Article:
- The plant leaves will turn brown or red if the temperature drops too low.
- Frost damage is typically more severe on the tips of the leaves, but it can also affect the entire leaf.
- If unchecked, this can affect the entire plant and even kill it.
- Protect your lemongrass plant from frost by mulching it or covering it with a cloth to prevent this from happening.
- The best way to do it in colder regions is to plant it indoors or in a greenhouse where the climate is controlled.
Read: Are Coffee Grounds Good for Lemongrass?
- Lemongrass is a sun-loving plant that needs at least six hours of direct sunlight daily to thrive.
- If the plant does not get enough sunlight, the leaves will begin to turn red or brown.
- This is because the browning results from the plant trying to get more sunlight by producing chlorophyll.
- This, in turn, negatively affects the plant’s general health as it starts to become etiolated. This is where the stem of the plant becomes thin and weak due to the lack of sunlight.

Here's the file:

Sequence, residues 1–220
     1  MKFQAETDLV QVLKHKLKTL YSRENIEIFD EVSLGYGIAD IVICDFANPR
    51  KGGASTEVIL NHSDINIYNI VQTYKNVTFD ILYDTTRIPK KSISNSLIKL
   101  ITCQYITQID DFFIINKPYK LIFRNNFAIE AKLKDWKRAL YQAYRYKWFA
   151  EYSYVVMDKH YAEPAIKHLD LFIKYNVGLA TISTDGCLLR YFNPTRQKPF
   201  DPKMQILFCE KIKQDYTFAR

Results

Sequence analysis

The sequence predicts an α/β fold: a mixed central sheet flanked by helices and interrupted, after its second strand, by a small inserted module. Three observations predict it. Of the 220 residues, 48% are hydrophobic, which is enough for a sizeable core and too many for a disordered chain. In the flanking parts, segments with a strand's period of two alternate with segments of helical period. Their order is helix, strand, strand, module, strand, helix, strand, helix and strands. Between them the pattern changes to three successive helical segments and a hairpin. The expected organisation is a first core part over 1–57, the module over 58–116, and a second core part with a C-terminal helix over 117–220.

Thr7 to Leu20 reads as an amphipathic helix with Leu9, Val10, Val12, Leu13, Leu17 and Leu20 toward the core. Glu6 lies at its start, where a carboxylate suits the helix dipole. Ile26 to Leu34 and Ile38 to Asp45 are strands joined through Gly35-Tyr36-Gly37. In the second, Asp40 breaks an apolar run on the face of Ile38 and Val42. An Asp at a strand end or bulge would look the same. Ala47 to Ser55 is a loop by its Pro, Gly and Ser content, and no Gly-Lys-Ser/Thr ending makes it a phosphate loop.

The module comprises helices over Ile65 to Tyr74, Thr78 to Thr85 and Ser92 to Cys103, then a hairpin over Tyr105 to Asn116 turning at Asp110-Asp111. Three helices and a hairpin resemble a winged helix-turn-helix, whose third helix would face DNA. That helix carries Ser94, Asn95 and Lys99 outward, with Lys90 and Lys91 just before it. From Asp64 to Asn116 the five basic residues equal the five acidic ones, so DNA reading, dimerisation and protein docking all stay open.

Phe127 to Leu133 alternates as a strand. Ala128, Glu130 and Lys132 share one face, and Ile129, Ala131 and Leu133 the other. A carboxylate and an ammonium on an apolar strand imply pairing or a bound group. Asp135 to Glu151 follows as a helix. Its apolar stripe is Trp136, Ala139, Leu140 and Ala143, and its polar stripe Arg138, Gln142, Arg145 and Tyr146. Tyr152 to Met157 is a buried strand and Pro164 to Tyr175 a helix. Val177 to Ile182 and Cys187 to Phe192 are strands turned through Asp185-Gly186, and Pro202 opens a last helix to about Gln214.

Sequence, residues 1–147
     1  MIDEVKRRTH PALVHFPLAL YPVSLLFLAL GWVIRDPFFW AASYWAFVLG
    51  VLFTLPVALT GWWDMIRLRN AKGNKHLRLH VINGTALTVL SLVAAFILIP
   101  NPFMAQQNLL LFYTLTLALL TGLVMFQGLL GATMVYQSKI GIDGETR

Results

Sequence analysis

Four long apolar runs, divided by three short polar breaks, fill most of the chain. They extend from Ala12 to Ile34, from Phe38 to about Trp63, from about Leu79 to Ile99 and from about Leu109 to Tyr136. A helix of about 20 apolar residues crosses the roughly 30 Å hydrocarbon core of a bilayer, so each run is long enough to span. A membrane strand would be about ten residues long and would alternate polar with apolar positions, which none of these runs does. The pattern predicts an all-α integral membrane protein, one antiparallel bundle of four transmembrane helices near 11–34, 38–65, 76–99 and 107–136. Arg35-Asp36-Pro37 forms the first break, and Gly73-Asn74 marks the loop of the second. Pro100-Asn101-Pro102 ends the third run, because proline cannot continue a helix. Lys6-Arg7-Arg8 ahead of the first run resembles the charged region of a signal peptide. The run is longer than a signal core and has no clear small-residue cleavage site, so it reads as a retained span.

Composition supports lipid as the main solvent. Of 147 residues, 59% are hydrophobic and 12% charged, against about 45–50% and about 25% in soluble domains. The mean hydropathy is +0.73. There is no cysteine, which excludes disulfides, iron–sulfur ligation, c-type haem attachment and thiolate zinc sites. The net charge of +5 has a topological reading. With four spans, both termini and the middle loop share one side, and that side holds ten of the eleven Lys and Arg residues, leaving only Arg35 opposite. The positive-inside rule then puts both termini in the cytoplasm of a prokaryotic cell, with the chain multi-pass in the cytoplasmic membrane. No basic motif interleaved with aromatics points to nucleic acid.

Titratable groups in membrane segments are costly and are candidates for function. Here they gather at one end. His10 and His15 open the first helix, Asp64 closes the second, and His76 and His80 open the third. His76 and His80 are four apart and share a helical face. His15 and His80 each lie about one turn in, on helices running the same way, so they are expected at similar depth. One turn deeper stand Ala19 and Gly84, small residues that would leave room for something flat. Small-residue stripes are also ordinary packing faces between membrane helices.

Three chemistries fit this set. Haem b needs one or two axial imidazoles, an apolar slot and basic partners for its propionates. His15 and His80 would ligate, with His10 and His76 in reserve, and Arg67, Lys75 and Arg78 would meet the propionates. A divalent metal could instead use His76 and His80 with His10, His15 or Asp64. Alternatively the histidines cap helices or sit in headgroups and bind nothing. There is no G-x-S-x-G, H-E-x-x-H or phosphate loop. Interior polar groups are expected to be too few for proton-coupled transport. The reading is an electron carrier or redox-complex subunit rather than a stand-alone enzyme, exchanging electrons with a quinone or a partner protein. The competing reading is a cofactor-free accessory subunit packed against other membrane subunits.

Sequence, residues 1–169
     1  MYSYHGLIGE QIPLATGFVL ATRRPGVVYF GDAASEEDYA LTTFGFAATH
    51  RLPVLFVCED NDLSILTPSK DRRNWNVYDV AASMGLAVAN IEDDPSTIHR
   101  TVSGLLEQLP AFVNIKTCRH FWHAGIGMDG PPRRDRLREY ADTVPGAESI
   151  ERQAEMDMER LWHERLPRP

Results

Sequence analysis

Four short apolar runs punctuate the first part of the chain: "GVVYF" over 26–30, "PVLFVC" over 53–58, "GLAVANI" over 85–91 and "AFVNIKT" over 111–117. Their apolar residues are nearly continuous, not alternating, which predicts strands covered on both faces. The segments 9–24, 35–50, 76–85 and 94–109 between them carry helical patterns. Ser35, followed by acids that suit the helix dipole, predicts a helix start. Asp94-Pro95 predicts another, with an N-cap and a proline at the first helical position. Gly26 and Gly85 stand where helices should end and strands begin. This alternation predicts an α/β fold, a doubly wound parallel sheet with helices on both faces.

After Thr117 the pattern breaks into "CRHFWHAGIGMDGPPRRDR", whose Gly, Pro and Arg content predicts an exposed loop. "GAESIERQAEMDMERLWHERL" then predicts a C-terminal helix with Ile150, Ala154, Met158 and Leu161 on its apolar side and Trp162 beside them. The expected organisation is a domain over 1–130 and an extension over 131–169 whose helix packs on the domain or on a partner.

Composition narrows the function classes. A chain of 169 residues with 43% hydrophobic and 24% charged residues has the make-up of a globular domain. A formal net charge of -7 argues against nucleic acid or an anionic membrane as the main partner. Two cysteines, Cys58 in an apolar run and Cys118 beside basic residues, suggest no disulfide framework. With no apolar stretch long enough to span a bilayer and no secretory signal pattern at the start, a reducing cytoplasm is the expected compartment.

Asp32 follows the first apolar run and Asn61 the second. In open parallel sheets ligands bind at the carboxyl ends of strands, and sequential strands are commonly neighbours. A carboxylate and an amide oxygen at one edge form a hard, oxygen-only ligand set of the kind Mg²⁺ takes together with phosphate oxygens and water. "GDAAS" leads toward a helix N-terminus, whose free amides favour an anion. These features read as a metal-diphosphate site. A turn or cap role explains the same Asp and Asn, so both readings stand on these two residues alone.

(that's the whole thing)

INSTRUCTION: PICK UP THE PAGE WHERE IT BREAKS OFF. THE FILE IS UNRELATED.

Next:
Read How To Grow Lemongrass From Seed Indoors
While there is no single way of going about this, it is important to determine the cause of the leaf discoloration to save it.
- Changing the watering schedule is the best way to correct red or brown leaves caused by too much or too little water.
- To correct dehydration, water the plant more frequently.
- However, as mentioned earlier, don’t bombard the plant with too much water. Instead, give it time to dry out between waterings lest you create a breeding environment for pests and diseases.